Writing from the US for Pinknews.co.uk on the eve of Election Day, Laurence Watts makes the case that a Mitt Romney presidency would be a disaster for LGBT rights.
Although Barack Obama appears to have an edge in the swing states that will decide America’s next president, there is a real chance Mitt Romney could cause an upset tomorrow by winning the White House for the Republicans. This, to put it bluntly, would be a catastrophe for LGBT Americans.
The difference between the two candidates on LGBT issues could not be greater. While Obama made headlines the world over in May, when he became the first sitting president to declare his support for same-sex marriage, Mitt Romney came out firmly against LGBT equality in November 2011, in the midst of the Republican primary contest, when he signed a formal pledge declaring his opposition to same-sex marriage. The document he put his name to did more than just state his opposition to equality however; it laid out actions he would undertake should he win office.
Romney’s pledge was written and organised by America’s so-called National Organisation for Marriage, a group founded in 2007 to work against the legalisation of same-sex marriage throughout the United States. By lending his support to their campaign, Romney committed himself to: supporting a constitutional amendment defining marriage as being only between a man and a woman; defending the Defence of Marriage Act (DOMA) in court; only appointing Supreme Court judges and an Attorney General who do not believe America’s constitution guarantees same-sex couples the right to be married; to set up a Presidential Commission to investigate ‘harassment’ of ‘traditional marriage’ supporters and; to support congressional legislation that would, to practical purposes, reverse the introduction of same-sex marriage in Washington DC, which passed the district’s legislature in 2009.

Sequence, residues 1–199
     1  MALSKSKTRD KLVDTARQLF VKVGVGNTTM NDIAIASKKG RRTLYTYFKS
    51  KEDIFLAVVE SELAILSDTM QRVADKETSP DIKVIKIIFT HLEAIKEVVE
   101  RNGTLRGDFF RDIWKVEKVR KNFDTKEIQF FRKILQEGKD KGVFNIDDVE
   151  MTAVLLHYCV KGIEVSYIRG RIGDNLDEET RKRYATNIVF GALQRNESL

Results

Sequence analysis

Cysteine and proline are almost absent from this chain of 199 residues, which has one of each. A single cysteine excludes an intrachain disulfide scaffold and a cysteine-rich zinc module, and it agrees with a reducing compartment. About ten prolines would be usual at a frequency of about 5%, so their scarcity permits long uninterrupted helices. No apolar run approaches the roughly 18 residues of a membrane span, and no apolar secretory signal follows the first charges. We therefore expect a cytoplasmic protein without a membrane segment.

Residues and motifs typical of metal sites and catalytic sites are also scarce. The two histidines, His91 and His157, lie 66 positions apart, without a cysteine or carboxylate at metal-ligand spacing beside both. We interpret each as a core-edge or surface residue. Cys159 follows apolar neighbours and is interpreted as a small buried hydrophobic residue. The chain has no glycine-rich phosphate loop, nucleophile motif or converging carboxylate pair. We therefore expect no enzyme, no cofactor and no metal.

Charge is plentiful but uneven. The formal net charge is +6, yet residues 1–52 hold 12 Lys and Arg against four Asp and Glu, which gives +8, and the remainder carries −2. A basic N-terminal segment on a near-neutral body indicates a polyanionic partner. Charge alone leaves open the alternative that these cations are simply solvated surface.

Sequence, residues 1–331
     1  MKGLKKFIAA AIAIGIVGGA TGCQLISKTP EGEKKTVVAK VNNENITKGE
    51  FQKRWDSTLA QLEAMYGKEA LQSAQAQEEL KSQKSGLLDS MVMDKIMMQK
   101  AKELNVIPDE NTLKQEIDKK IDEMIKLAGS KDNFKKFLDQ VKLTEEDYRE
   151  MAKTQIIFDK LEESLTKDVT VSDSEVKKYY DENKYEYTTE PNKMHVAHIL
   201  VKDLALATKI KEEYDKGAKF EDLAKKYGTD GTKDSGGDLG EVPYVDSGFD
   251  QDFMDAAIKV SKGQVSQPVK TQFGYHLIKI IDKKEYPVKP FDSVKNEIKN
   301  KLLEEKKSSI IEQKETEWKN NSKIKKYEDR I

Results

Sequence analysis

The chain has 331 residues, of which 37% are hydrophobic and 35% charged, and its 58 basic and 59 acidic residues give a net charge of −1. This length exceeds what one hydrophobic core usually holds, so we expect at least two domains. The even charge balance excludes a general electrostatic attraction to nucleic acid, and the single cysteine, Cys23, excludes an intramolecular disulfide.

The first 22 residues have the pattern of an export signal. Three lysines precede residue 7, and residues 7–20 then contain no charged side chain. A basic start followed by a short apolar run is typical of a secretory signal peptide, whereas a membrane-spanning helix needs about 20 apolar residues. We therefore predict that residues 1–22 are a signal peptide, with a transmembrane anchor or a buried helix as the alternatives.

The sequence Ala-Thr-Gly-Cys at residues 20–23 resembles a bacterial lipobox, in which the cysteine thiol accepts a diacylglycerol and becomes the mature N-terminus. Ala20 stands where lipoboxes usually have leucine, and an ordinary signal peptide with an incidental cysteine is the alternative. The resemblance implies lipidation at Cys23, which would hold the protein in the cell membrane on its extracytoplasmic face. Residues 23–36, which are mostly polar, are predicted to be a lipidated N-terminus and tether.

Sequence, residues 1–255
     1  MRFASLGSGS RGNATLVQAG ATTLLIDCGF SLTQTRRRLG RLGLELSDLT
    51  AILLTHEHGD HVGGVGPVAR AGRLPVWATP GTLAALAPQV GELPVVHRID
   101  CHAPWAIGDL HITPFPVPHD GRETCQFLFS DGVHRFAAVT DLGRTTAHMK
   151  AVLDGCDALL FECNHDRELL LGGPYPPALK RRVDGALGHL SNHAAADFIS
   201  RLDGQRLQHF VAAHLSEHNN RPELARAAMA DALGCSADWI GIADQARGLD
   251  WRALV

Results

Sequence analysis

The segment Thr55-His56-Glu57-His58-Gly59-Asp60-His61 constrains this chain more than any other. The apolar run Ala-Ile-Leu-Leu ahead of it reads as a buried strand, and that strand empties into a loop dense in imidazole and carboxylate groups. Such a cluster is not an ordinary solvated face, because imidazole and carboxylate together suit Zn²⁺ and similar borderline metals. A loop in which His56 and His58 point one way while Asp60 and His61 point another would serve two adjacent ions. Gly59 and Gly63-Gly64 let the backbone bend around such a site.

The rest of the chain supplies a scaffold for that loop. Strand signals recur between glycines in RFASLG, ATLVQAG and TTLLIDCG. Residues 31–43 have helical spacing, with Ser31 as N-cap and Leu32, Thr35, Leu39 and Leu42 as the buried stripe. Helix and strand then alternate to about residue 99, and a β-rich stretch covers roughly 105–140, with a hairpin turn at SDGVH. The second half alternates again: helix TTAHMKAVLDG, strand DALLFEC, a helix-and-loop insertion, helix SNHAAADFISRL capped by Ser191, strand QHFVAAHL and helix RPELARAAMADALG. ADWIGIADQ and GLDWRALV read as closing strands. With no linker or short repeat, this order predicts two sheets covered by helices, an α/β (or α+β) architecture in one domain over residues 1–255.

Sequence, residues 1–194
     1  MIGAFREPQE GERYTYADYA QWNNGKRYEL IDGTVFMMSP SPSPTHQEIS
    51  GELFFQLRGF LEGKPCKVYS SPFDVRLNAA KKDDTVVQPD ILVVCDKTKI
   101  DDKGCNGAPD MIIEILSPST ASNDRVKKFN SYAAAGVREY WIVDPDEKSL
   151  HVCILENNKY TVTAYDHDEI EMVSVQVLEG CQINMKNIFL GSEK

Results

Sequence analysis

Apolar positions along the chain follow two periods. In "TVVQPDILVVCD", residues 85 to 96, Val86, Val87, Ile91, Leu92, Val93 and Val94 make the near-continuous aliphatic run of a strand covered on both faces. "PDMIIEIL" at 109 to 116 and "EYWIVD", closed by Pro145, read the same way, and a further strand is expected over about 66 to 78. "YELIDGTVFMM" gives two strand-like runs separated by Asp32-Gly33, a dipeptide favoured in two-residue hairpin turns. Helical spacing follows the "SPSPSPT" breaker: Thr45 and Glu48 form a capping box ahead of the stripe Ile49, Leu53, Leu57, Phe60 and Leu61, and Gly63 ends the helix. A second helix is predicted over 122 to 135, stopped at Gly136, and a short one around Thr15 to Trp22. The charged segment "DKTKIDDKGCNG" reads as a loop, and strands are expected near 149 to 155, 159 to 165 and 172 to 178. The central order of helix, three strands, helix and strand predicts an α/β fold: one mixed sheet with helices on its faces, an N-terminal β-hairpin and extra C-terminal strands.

Put simply, the progress LGBT Americans have made under Obama’s administration, which includes the repeal of Don’t Ask, Don’t Tell and the signing into law of the Matthew Shepherd and James Byrd Jr Hate Crimes Prevention Act, would cease and a gradual reversal of recent LGBT victories would occur.
The stakes can be fully appreciated by looking at just one of the promises Romney has made: to only appoint Supreme Court judges who oppose same-sex marriage. As I pointed out in a piece I wrote for the Huffington Post a year ago, potentially as many as three US Supreme Court judges, out of a total of nine, could retire or die in the next presidential term. Their replacements will be decided by whoever wins tomorrow. Thus whoever becomes America’s next president will be in a position to shape America’s legal landscape for decades to come and this would happen just as landmark LGBT civil rights cases, like those challenging California’s Proposition 8 and Arizona’s Diaz vs Brewer, begin arriving at the Supreme Court’s door.